This chapter features the following main sections and 63 photos:
Nero: The first stab.
The NorVin solution became irresistible.
The Viscount: A first attempt to resume Vincent production.
The Parkin-Vincent: In the wake of Nero.
Curtis-Vincent: The NorVin concept pushed even further.
Until the mid-1960s, all the attempts to improve the handling of the Vincent were either to adapt modern suspension and brakes to the existing frame, or, more radical, to install the Vincent power plant into a Norton chassis. Even Fritz Egli started this way, adding a telescopic fork to his Rapide in 1966. But Fritz’s frustration mounted and when he saw how much better a Manx handled in some portions of the same track he used, he decided to make his own brew, designing an all-new and innovative chassis during the winter of 1966-1967. As the Egli-Vincent won its first race in four of the Swiss hillclimb championships between 1968 and 1971, a track legend was born.
This chapter features the following main sections and 186 photos:
“Going my way”.
Buying a ton-up motorcycle in 1967.
Fame came only in 1968, corner after corner.
After racing success, sales kick off in 1968.
From 1969, the Egli-Vincent is raced competitively across the world.
An Egli or not an Egli? That is the question.
A visit to Fritz Egli’s shop in 1970 and 1979 (by David Minton).
The early days from a different perspective.
The motorcycle of a lifetime (by David Dunfey).
1968-1973: Five transformational years for the industry.
From the mighty Vincent to explosive turbocharged four-banger.
Moving on from Chapter 3, which is dedicated to the Egli-Vincent made in Switzerland, we are now going to explore the UK production, from 1969, when Roger Slater became Egli’s sole distributor. From the start, rather than delivering finished Swiss bikes, Slater assembled his own machines with Egli frames and a completely different set of aftermarket components. Then, he would build chassis under license, uniquely developing his own design, closely related to the original and to be known as the Vincent Shadow 70. Slater stopped his Vincent activities in 1973, but the story did not end there. Subsequently, but not simultaneously, nine other workshops offered either chassis or complete Egli-Vincent replicas, not to mention the one-off ‘forged’ on the bench and titled through the Individual Vehicle Approval process (IVA). For anyone who tries to ‘decrypt’ the pedigree of an Egli-Vincent coming from the UK, this chapter is a key tool.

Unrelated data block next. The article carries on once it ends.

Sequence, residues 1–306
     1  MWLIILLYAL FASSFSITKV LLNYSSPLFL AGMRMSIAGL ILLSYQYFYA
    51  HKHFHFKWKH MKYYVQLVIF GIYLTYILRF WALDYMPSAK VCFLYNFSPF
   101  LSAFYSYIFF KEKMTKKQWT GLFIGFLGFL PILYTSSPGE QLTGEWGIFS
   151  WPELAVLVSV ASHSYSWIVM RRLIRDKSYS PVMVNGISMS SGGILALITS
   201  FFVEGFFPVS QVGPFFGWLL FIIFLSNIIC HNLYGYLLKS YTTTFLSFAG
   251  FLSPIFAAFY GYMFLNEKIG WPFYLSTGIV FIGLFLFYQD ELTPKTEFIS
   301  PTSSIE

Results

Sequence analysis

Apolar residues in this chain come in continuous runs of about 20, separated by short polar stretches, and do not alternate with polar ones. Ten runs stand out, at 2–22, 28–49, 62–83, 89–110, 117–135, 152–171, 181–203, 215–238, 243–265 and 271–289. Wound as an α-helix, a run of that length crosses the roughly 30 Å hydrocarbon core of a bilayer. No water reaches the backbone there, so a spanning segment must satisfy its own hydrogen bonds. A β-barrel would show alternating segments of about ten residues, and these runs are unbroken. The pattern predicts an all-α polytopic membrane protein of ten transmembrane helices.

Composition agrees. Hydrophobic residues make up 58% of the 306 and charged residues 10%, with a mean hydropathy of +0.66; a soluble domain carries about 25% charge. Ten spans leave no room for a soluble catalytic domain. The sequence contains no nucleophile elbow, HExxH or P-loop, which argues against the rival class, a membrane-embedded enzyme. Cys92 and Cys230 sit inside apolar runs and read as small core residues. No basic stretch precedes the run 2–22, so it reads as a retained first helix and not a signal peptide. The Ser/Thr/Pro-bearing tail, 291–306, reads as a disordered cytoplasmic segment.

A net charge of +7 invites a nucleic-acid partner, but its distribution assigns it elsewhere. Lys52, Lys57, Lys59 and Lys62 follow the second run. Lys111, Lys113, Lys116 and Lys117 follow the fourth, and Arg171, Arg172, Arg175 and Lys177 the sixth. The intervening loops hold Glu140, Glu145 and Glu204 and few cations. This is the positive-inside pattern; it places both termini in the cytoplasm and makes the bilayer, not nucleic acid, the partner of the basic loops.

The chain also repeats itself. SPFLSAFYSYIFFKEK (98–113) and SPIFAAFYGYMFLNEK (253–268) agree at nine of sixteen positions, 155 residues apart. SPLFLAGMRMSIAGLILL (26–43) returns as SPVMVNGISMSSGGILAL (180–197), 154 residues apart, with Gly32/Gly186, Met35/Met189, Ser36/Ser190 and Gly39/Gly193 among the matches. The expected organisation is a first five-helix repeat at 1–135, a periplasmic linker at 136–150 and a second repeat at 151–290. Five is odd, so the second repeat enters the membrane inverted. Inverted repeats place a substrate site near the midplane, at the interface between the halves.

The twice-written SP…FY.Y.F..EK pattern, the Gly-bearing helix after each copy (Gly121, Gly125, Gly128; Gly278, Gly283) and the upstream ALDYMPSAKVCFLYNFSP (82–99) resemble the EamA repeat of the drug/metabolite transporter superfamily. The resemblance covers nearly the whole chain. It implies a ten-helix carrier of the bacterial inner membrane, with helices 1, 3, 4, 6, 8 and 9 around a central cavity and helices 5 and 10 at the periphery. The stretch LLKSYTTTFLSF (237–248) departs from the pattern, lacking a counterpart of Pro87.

This chapter features the following main sections and 120 photos:
1969-1970: Egli-Vincent assembly and license by Slater.
1970-1973: The Shadow 70 opens a new horizon for Slater.
1972-1978: Sprint by Smith Engineering.
The British Connection today including Colin Taylor, John Mossey (JMR and JMC), David Hailwood (HMR), Andy Sidlow, CGA Fabrications and Phil Cotton – Cotton Racing.
With 40 years of dedication to the Vincent brand, Patrick Godet’s passion amounts to much more than his knowledge of the detailed mechanicals; it is also the memorable moments experienced at rallies around the world, meeting and learning from the people who designed, built or road-tested the Vincent: Phil Irving, Ted Davis, and those who have been preparing and riding these bikes since the first Rapide came off the production line. It is also exceptional moments, such as winning races on the Black Shadow, or being recognized for the quality of his restoration work and commitment to the brand. Today, Godet Motorcycles is one of the rare workshops exclusively dedicated to the Vincent, capable of completely rebuilding a machine to the highest standards, and building new Vincent engines to be fitted in the Egli chassis for the most amazing cocktail of authenticity, performance and attention to detail. Fritz Egli was so impressed by the excellence of the bike presented to him, that he appointed Godet Motorcycles as the sole authorized manufacturer of the Egli-Vincent motorcycle; certainly the greatest accolade that Patrick Godet could have received.